I’ve had a good few days this week getting on with my research into net curtains. I haven’t been anywhere exciting, just collating some of the information I’ve already gleaned and putting it all into some sort of order. Not as easy as it sounds! I started by dividing my research on different curtains styles into decades, but realised that fashions in interiors don’t necessarily conform to ten year cycles, so I’m now using early, mid and late parts of the different centuries. In her very useful book ‘Curtains and drapes’ Jenny Gibbs uses different style periods to differentiate fashions, such as Neoclassicism, but uses ‘Battle of the styles’ to describe the late 19 century, which appears to be an accurate description! I have lots of pictorial sources which I’m organising by date, but doing that has made me realise that perhaps I should be putting styles together instead, and then seeing when, swags, for example, were popular. It is only by actually sorting out the information that you hit upon the best way of doing it. At least describing the changes in machine lace production is proving easier!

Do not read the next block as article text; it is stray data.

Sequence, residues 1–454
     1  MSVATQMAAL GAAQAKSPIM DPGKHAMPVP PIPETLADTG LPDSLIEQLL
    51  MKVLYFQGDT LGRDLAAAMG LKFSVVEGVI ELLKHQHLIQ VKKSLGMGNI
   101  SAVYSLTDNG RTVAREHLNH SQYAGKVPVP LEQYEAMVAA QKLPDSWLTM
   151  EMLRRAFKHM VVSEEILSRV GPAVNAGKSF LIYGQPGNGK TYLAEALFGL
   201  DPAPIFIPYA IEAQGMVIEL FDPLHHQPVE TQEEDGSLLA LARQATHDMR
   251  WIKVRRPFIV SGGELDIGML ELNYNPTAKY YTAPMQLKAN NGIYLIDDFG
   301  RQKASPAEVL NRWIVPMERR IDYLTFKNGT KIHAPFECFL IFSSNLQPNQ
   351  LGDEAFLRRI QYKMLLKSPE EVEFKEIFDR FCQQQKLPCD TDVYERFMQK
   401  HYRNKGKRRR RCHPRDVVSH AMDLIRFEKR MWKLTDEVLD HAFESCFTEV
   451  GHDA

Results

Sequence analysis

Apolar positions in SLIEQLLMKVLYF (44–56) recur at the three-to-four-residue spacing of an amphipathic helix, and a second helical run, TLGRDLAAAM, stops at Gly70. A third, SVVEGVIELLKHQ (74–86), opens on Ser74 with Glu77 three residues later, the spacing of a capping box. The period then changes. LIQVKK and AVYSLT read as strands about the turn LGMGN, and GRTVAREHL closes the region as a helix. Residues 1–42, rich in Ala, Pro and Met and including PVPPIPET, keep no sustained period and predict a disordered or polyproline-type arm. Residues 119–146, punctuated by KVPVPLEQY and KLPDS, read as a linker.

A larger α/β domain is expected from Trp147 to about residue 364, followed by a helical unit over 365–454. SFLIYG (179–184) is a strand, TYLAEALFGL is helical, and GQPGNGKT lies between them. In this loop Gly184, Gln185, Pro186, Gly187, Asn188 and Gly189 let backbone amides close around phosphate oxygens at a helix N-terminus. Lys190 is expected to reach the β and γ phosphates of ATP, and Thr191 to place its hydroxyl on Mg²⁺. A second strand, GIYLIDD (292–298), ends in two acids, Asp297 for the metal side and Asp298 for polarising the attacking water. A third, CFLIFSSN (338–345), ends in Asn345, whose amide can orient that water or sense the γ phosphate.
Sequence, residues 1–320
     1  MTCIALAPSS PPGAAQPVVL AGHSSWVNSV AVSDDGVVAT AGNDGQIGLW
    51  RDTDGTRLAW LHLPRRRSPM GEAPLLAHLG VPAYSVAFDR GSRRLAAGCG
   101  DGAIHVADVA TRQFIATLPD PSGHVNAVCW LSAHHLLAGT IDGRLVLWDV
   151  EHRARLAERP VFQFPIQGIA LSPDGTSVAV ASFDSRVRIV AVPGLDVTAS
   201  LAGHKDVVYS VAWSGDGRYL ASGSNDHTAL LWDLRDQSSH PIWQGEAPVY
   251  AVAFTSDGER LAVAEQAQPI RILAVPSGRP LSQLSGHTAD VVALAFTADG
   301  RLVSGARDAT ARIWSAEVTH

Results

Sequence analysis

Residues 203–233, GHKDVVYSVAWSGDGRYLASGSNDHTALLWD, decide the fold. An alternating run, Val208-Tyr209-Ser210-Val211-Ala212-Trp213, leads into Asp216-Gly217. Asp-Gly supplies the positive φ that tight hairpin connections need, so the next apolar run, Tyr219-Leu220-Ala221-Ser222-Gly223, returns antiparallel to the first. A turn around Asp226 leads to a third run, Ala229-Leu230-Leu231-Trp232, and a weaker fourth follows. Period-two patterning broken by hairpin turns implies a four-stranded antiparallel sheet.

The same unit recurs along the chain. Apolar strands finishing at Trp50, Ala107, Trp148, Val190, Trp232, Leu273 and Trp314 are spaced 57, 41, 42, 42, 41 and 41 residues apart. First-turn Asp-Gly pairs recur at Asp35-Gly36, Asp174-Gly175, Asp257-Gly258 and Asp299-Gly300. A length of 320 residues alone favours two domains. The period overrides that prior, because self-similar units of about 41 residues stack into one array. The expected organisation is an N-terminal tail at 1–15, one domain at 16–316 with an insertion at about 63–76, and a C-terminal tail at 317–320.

Thursday, 14 January 2016
Although the Peterborough Fair doesn’t take place until May, the publicity material is being printed so I’ve had to decide what I’m going to display for my exhibition there and decide on a title. I’m calling the exhibition ‘lace works’ both to distinguish the work from the other exhibitions of embroidery and quilting, and to suggest the idea that lace ‘works’ as a valid textile art form. I’ll show a mixture of old and new work, so I’ve decided to use the broad theme of landscapes, both physical landscapes, such as maps, tracks and stones, as well as landscapes of the mind, memory and the imagination. There will be a variety of lace types and artefacts including curtains, panels, bags and hangings. Do come and have a look and say hello!